"has decided to spend society's money"????? Therein lies the problem in the previous poster's perspective. Society has no money of its own. It taxes people to raise money. Translation - it spends the money that belongs to people. It decides how to spend other people's money. It's an attitude like this that is so damned annoying. Folks run around thinking that because they want something, or think they need it, they have the right to impose upon the finances of those around them in the name of society, and then justify that by such empty arguments as were stated above, that other (older, richer, etc.) people don't need their money as much as the greedy ones need to get it from them, for their own desires.
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-Mike-
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Mike Marlow wrote:

... snip

Thank-you for that very cogent and absolutely spot-on assessment. This attitude and idea that it is "society's" money is quite frightening as it implies a certain entitlement mindset; i.e, there is a certain amount of a country's wealth and prosperity that should be used as some ruling entity determines vs. the idea that a society and country requires a certain level of government activity to allow private endeavors to prosper but that amount should be the absolute minimum required to allow government to perform its most basic functions.
Evidence of this is apparent in such things as one of Hillary's recent speeches were, when speaking about oil companies' profits she made the comment, "When I'm president, I'm going to take those profits and use them to fund health care, .... " That is an entitlement mindset, seeking to reap from the work of others and use it to buy a dependency class votes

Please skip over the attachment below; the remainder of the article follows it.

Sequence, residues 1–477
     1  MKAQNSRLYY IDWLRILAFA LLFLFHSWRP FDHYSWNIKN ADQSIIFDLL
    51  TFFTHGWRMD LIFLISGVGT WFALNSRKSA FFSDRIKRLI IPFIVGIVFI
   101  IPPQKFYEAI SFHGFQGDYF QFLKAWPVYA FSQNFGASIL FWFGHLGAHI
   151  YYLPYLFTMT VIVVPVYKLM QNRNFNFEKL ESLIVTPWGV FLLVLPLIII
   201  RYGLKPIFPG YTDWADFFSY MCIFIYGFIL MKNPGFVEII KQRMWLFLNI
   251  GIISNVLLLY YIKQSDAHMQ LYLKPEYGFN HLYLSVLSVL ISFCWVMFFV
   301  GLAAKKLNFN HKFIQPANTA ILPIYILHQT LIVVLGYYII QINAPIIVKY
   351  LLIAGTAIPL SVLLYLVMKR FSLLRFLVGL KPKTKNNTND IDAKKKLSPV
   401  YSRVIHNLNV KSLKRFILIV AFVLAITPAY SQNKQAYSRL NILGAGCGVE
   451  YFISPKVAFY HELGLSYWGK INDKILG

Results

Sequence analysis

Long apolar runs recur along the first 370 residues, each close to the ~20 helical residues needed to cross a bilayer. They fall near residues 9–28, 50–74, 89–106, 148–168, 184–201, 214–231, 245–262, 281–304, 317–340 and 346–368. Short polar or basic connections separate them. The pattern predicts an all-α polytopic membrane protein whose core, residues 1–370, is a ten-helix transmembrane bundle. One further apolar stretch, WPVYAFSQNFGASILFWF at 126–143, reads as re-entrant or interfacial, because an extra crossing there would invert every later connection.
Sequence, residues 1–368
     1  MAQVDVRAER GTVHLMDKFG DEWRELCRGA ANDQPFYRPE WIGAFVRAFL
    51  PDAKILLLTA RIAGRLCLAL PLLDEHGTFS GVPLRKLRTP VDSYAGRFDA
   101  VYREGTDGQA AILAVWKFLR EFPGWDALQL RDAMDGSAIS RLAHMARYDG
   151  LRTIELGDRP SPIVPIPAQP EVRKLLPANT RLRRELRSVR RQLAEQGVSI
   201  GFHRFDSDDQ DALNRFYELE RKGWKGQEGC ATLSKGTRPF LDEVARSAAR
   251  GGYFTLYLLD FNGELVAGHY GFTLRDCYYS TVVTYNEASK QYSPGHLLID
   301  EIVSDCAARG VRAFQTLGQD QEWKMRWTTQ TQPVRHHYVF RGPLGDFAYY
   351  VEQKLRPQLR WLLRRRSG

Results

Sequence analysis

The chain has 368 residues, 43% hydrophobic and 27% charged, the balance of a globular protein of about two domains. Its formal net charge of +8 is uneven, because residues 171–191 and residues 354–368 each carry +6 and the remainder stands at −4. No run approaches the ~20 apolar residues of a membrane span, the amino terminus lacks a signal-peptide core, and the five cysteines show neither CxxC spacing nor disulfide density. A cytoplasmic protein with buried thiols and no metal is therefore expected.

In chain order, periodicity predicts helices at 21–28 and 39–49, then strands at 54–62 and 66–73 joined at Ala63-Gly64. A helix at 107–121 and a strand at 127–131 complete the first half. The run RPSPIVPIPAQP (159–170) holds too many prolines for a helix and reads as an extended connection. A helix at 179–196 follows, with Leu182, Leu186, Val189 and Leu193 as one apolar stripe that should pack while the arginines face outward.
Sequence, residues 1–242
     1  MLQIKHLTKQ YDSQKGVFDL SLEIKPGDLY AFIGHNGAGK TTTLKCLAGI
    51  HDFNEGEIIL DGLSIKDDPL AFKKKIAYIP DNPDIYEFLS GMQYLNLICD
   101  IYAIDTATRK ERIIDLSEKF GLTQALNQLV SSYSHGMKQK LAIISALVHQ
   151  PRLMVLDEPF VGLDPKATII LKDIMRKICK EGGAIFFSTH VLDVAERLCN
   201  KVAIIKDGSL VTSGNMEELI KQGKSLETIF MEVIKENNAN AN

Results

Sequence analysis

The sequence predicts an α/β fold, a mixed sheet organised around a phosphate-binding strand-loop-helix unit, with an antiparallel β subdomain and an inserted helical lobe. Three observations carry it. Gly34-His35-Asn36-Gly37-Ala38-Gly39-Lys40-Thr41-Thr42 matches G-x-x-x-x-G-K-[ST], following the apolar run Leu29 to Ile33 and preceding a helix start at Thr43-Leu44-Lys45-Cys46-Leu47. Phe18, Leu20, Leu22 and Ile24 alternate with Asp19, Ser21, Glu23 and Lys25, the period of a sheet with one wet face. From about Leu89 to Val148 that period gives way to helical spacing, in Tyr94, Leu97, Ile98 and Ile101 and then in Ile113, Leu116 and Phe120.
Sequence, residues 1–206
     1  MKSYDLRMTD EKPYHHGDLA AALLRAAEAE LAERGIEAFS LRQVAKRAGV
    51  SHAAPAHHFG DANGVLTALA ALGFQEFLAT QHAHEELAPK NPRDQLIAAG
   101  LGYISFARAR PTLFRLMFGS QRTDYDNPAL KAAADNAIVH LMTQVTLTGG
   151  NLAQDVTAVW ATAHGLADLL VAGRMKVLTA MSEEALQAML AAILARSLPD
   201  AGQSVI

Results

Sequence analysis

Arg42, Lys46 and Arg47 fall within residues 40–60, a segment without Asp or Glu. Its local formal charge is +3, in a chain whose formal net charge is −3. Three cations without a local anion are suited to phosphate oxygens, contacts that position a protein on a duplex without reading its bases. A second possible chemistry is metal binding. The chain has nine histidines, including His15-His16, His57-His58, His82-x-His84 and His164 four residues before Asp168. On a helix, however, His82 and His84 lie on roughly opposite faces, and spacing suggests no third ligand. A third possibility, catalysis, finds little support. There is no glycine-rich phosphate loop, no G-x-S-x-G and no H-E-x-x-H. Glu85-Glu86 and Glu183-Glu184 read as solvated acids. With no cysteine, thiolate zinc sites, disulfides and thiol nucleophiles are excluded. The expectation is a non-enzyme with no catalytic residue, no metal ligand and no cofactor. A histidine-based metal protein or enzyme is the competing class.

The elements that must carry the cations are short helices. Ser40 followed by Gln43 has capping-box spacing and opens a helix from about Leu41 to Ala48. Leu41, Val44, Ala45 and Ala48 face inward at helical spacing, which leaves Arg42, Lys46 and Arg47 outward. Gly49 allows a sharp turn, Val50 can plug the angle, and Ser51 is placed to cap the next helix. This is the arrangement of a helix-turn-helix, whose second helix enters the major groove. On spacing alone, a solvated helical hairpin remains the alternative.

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On Mon, 19 Nov 2007 09:03:48 -0500, "Mike Marlow"

Wow! I don't know how you managed to so thoroughly misinterprete what I was saying. I certainly did not say that retired folks have an ability to pay MORE than others, I was refuting the concept that just because you are old you should automatically pay LESS. Being old does not make one poor and should not be an exemption from taxes. Being poor, at any age, may be such a reason.
I also did not imply that all money belong's to society. However, society does (via its laws and people's votes) decide how they want to spend money. They (really meaning us as a society) then must get that money from us citizens. Instead of us always focusing on how "they" are going to get that money from us, maybe we should focus on why "we" are spending so much of it. To debate how to raise the money is simply an excercise in trying to make the other guy pay for the stuff that we all (via our freely elected government) seem to want government to buy for us. By the way, my house is paid for, my kids are grown and out of college, my grandsons are a joy that I wish we weren't saddling with all of our deficit spending, and I am still working and paying taxes (federal, state, county, municipal and school).
Dave Hall
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(Doug Miller)